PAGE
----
by Emily Underwood A human newborn's brain is uniquely impressionable, allowing social interactions and the environment to shape its development. But this malleability may come with a price, a new study finds. A comparison of juvenile chimpanzee and human brains suggests that differences in the development of myelin—the fatty sheath that surrounds nerve fibers—may contribute not only to our unusual adaptability, but also to our vulnerability to psychiatric diseases that start in early adulthood. Research increasingly suggests that psychiatric illnesses like depression and schizophrenia may involve problems with the timing of neural signals, says Douglas Fields, a neuroscientist at the National Institutes of Health in Bethesda, Maryland, who was not involved in the study. The nerve fibers, or axons, that connect neurons are usually protected by myelin, which enhances the neural relay of information throughout the brain. "Myelin speeds transmission of information [by] at least 50 times," Fields says, "so it matters a great deal whether or not an axon becomes myelinated." Humans start out with comparatively few myelinated axons as newborns. We experience a burst of myelin development during infancy that is followed by a long, slow growth of myelin that can last into our thirties, says Chet Sherwood, a neuroscientist at George Washington University in Washington, D.C., and a co-author of the new study. In contrast, other primates, such as macaques, start out with significantly more myelin at birth, but stop producing it by the time they reach sexual maturity. However, Sherwood says, "extraordinarily little data exists" on brain growth and the development of myelin in our closest genetic relatives, chimpanzees. © 2010 American Association for the Advancement of Science.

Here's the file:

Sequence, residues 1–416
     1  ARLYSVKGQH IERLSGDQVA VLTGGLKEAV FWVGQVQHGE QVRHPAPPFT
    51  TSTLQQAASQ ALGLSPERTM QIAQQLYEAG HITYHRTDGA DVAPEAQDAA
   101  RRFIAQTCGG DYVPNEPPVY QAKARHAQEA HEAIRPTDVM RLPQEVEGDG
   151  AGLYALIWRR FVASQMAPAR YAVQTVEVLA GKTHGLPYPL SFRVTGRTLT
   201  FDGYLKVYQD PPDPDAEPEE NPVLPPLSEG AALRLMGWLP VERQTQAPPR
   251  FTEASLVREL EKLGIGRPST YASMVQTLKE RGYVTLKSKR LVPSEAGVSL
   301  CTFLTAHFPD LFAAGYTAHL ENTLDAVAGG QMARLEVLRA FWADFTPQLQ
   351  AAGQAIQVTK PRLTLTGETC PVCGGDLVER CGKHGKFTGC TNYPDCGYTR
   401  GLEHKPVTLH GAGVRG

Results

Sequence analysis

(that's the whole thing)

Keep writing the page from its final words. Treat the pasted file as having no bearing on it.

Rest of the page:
Sandrine Ceurstemont, editor, New Scientist TV Chimps may be similar to us in many ways but they can't compete when it comes to brain size. Now for the first time we can see when the differences emerge by tracking the brain development of unborn chimps. As seen in this video, Tomoko Sakai and colleagues from Kyoto University in Japan subjected a pregnant chimp to a 3D ultrasound to gather images of the fetus between 14 and 34 weeks of development. The volume of its growing brain was then compared to that of an unborn human. The team found that brain size increases in both chimps and humans until about 22 weeks, but after then only the growth of human brains continues to accelerate. This suggests that as the brain of modern humans rapidly evolved, differences between the two species emerged before birth as well as afterwards. The researchers now plan to examine how different parts of the brain develop in the womb, particularly the forebrain, which is responsible for decision-making, self-awareness and creativity. If you enjoyed this post, watch the first video MRI of unborn twins or the first MRI movie of a baby's birth. © Copyright Reed Business Information Ltd.